The video is famously complex, so much so that in 2014 Slash admitted that he had "no idea" what it meant. He commented, in part, "I knew there was a wedding in there somewhere and I was not into the concept of the wedding."

19. THE BODYGUARD AND ITS RECORD-BREAKING SOUNDTRACK

On November 25, The Bodyguard—starring Kevin Costner as the titular bodyguard and Whitney Houston as the pop star he's protecting—graced theaters. It was Houston's first film role, and it was a massive box office hit.

But more important than the movie was its soundtrack: Houston's iconic cover of Dolly Parton's "I Will Always Love You" was the standout hit, and the soundtrack was a blockbuster, currently ranked the 16th bestselling record of all time, and it is the number one bestselling soundtrack.

At one point in 1993, the soundtrack held five simultaneous number one positions on the Billboard charts. Now that's a hit record.

20. JAY LENO'S HOSTING GIG ON THE TONIGHT SHOW

On May 22, 1992, Johnny Carson finished his run as host of The Tonight Show on NBC. On May 25, Jay Leno became the new host, and Billy Crystal was his first guest. Branford Marsalis led The Tonight Show band, and Ed Hall was the new announcer. After Billy Crystal on that first episode, the guests were performer Shanice Wilson and Robert Krulwich (later co-host of Radiolab).

Leno was the fourth host of the show. Steve Allen was first, followed by Jack Paar, then Johnny Carson's incredible three-decade run. Leno hosted from 1992-2014 (with a brief interruption where Conan O'Brien had the gig from 2009-2010). After Leno's retirement in 2014, Jimmy Fallon took the hosting job and remains there today.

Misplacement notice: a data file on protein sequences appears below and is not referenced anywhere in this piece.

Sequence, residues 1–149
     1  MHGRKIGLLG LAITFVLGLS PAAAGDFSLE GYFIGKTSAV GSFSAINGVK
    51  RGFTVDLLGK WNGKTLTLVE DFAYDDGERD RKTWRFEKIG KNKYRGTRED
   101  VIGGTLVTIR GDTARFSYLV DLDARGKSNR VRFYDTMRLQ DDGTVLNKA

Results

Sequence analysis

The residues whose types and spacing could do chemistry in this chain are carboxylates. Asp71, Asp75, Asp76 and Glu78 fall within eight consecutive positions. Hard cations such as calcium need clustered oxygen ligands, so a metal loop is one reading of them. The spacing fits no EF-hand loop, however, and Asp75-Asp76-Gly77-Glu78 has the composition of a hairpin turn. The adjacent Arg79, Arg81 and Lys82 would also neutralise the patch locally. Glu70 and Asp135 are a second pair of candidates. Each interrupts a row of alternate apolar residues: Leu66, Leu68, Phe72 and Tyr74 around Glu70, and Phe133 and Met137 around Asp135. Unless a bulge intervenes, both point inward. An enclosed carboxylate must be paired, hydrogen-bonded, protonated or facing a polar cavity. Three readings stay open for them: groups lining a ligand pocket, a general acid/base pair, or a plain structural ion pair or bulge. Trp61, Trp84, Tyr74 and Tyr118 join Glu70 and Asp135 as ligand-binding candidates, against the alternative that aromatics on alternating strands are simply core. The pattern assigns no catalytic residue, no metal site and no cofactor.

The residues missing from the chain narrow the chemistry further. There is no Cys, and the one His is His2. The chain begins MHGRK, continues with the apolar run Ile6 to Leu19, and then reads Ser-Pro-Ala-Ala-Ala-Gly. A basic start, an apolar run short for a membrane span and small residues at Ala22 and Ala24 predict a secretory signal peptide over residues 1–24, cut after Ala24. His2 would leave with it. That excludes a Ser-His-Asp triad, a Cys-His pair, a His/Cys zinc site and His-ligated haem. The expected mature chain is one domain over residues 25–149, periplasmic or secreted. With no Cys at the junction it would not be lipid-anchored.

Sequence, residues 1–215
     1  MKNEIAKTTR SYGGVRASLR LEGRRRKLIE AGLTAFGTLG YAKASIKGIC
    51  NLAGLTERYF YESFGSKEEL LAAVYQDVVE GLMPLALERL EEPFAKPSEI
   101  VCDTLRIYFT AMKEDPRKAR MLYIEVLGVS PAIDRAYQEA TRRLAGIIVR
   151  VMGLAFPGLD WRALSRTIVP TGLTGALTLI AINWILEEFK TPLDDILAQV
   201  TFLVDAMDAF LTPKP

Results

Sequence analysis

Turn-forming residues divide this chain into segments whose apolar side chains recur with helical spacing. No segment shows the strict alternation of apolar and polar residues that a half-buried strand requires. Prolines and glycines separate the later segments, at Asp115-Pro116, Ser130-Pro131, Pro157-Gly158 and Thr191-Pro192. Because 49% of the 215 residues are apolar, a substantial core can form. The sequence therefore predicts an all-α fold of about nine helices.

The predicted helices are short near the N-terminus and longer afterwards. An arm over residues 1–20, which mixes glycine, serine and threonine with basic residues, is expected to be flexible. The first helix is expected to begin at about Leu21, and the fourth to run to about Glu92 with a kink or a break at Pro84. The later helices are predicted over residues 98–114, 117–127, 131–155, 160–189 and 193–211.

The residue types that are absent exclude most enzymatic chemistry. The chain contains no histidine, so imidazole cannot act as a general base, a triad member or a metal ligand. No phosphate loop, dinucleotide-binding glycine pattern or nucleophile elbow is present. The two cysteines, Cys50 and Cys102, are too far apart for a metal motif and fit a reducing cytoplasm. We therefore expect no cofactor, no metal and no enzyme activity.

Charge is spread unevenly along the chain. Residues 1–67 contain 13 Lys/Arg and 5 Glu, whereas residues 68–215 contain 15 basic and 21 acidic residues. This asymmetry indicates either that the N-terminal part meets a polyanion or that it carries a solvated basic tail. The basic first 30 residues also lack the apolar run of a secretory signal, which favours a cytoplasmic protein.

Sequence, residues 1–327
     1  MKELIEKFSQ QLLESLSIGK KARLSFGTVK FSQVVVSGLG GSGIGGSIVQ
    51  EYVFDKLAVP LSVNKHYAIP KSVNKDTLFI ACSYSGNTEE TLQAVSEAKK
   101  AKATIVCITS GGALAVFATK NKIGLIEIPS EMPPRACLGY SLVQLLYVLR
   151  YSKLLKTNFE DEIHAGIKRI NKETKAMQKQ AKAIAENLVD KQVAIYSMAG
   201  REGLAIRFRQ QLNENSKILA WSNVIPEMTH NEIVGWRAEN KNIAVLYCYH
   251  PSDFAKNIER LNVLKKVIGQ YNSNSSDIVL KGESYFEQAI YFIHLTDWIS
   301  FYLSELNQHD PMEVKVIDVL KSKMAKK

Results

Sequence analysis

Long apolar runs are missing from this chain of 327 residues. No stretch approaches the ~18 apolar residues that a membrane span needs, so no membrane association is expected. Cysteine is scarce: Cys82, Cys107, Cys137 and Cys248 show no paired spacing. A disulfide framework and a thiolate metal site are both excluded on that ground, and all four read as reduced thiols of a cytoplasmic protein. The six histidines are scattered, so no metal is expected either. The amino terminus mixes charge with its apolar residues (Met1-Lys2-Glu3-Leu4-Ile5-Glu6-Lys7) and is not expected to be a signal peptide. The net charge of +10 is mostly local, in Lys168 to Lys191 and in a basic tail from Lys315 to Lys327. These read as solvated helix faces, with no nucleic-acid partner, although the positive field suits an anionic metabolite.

21. JOHN BOYEGA, DAISY RIDLEY, MILEY CYRUS, NICK JONAS ...

In a surprising turn, Star Wars: The Force Awakens costars John Boyega and Daisy Ridley were both born in 1992. The Force is strong with this year. Here's a rundown of some famous birth dates:

Taylor Lautner - February 11

John Boyega - March 17

Daisy Ridley - April 10

Kate Upton - June 10

Selena Gomez - July 22

Demi Lovato - August 20

Nick Jonas - September 16

Miley Cyrus - November 23

22. THE INNOCENCE PROJECT

In 1992, lawyers Peter Neufeld and Barry Scheck founded The Innocence Project. The organization's mission is to exonerate wrongfully convicted (innocent) people and reform the criminal justice system that convicted them in the first place. One of their key tools is DNA analysis, which sometimes was not available at the time of conviction.